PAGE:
Making Poverty History

There is no secret about what it takes to end poverty. We just have to get serious about doing it.

We might not expect TV’s American Idol to be out in front of most presidential candidates on issues of national importance, but that’s what happened this spring. AI‘s producers announced that they would dedicate two evenings to raising funds and awareness for children and young people in poverty, in both America and Africa. The show’s commitment stands in contrast to most of the 2008 candidates. What does American Idol know that they don’t?

American Idol isn’t alone. In the last two years, there has been a surge of interest in ending poverty in America. In the faith community, Sojourners and Call to Renewal announced a Covenant for a New America and urged others to help them cut child poverty by half in 10 years. Catholic Charities USA created a Campaign to Reduce Poverty in America. New York City Mayor Michael Bloomberg created an Economic Opportunity Commission and charged it with proposing ways to promote opportunity and reduce poverty in the city, and he has begun implementing the commission’s recommendations. A Task Force on Poverty, Work and Opportunity of the U.S. Conference of Mayors, led by Los Angeles Mayor Antonio Villaraigosa, made a set of ambitious recommendations. Governors, mayors, and legislatures in Connecticut, Minnesota, California, and Wisconsin — among others — have launched or proposed initiatives. These efforts are occurring against the backdrop of the larger international efforts to make poverty history.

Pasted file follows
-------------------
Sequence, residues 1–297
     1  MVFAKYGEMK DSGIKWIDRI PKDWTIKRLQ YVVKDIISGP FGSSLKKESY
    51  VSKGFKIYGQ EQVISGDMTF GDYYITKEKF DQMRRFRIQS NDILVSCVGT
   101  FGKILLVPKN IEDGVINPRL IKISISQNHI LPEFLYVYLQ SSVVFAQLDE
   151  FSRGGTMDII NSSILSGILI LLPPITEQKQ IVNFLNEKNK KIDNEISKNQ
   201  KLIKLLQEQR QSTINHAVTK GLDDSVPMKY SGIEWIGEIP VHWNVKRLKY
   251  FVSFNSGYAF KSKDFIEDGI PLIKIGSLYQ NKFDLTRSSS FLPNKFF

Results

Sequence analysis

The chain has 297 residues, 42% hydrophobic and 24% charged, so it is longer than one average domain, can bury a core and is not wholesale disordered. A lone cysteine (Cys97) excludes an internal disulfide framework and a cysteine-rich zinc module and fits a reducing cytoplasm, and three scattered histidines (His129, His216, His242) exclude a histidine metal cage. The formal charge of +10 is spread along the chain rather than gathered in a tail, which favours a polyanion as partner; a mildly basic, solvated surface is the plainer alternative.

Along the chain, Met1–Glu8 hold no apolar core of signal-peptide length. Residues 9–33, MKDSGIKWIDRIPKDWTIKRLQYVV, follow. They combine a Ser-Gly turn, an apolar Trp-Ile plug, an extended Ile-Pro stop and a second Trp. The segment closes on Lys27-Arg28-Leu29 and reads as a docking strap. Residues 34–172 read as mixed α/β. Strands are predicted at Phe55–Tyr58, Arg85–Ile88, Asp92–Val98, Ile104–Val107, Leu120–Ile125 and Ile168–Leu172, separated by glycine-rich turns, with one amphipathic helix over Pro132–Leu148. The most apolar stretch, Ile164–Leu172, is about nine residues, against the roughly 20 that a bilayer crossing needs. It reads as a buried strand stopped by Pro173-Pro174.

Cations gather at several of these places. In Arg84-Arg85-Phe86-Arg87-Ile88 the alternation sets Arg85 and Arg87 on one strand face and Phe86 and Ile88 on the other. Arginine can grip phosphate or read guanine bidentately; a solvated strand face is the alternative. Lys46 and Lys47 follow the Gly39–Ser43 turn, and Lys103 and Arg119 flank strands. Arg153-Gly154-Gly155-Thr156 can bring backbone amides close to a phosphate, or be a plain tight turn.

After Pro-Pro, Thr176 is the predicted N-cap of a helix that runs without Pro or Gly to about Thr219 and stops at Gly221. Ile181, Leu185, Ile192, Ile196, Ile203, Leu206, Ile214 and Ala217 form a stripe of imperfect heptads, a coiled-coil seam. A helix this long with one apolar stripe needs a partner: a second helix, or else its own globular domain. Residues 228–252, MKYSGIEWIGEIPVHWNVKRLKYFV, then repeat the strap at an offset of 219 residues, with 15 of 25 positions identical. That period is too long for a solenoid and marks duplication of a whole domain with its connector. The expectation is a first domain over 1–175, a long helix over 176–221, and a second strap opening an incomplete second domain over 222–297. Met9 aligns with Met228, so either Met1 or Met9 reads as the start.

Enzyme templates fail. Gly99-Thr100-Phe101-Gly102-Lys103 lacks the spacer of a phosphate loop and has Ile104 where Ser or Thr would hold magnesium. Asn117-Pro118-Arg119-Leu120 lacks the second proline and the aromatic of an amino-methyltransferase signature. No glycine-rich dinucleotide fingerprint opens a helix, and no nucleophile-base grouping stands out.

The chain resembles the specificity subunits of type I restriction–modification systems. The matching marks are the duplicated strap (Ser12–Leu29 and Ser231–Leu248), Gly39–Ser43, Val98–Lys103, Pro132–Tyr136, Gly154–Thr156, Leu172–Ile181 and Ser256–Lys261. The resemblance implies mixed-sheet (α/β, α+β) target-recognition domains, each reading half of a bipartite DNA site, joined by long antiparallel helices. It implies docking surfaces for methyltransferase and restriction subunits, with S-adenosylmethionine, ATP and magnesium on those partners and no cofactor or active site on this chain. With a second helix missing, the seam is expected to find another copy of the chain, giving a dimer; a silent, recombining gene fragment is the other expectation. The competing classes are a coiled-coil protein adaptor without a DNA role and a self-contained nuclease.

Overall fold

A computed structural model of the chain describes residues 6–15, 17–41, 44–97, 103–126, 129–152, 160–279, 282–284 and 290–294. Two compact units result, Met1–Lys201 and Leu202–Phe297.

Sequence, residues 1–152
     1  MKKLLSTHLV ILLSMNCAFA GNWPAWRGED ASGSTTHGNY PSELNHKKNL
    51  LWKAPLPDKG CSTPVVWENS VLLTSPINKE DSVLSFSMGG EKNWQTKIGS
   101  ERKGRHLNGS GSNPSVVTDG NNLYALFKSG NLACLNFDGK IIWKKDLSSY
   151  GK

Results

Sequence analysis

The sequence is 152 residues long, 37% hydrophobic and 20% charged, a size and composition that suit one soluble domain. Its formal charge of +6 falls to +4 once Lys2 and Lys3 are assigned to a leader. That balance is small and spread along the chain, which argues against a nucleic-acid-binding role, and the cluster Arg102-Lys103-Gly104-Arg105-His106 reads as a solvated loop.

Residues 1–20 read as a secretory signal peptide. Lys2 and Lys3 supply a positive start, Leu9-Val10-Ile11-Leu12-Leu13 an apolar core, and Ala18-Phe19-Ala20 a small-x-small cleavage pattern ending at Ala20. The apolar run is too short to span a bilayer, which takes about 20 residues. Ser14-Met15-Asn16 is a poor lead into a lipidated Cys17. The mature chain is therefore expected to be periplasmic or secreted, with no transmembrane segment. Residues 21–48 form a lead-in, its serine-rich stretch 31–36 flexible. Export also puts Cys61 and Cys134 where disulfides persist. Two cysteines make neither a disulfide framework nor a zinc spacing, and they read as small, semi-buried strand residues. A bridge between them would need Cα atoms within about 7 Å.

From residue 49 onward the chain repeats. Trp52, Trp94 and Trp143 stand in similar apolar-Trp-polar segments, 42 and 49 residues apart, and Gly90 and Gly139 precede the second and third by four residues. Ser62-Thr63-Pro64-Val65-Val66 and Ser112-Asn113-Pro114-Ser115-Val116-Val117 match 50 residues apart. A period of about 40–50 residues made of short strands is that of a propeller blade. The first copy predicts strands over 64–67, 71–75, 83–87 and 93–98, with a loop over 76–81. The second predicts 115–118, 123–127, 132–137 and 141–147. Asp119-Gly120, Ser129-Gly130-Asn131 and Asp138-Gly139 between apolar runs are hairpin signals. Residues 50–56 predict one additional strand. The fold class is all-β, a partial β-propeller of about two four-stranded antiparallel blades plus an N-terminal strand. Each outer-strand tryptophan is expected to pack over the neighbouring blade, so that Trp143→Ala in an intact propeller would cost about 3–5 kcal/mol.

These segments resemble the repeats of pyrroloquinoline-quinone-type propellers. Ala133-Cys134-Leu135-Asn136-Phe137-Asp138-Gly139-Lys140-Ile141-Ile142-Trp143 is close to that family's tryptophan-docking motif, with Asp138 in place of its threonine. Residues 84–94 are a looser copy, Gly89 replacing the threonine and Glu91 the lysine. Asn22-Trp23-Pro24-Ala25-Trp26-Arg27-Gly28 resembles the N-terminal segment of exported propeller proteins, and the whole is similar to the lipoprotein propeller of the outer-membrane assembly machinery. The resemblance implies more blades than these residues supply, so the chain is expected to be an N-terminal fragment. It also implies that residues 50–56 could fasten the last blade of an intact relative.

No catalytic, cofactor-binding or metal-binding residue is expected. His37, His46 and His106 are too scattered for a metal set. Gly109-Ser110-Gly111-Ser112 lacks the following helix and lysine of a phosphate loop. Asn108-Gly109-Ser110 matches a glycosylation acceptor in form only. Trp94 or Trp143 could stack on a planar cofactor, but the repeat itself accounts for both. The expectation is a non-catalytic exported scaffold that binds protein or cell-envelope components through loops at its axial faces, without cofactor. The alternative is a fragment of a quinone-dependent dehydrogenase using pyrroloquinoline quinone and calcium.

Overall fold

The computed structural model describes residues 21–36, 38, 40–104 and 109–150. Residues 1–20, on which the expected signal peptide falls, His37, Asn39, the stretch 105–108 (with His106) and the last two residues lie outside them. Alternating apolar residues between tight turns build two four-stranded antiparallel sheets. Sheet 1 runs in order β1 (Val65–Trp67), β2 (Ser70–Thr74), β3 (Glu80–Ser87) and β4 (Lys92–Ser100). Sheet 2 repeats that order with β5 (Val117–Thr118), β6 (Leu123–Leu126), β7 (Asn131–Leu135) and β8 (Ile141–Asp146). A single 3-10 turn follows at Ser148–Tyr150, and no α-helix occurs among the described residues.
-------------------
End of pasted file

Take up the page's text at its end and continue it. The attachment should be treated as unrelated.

Among presidential candidates, John Edwards has proposed a goal of ending poverty within the next 30 years, and put forward a plan to get there. Barack Obama, in announcing his candidacy, declared, “Let’s be the generation that ends poverty in America.” Can the other candidates be far behind? Will anyone want to go into a presidential debate saying it’s a bad idea to try to eliminate poverty?

Why Now?

Why this revival of interest in tackling poverty now? There are many reasons, but three stand out.

First, Hurricane Katrina gave poverty a human face. The horrific images, and the stories behind them, made painfully clear that not far from the Mardi Gras part of town, thousands of city residents didn’t own cars and couldn’t afford a night in a hotel when disaster was approaching. Pre-Katrina New Orleans represented an exceptionally bad case of concentrated poverty, but not a unique one. The Brookings Institution reports at least one neighborhood of extreme poverty — where at least 40 percent of residents live in poverty — in 46 of the 50 largest cities in the country.

Second, the extraordinary growth of wealth at the top has called attention to the corresponding growth of inequality and poverty. In 2005, the top 20 percent of American households had 50.4 percent of the nation’s income, while the bottom 20 percent had 3.4 percent — the largest margin between top and bottom since this data series began, in 1967. The Center on Budget and Policy Priorities reports that between 2003 and 2004, the post-tax income of the bottom fifth rose by $200 a year, while that of the top fifth rose by $11,600, and post-tax income for the top 1 percent rose by $145,500. And the wealth gap is far more extreme, with the top 1 percent of households holding one-third of the nation’s net worth, while the bottom 40 percent have less than one percent of the nation’s net worth. This is the widest gap since the 1920s.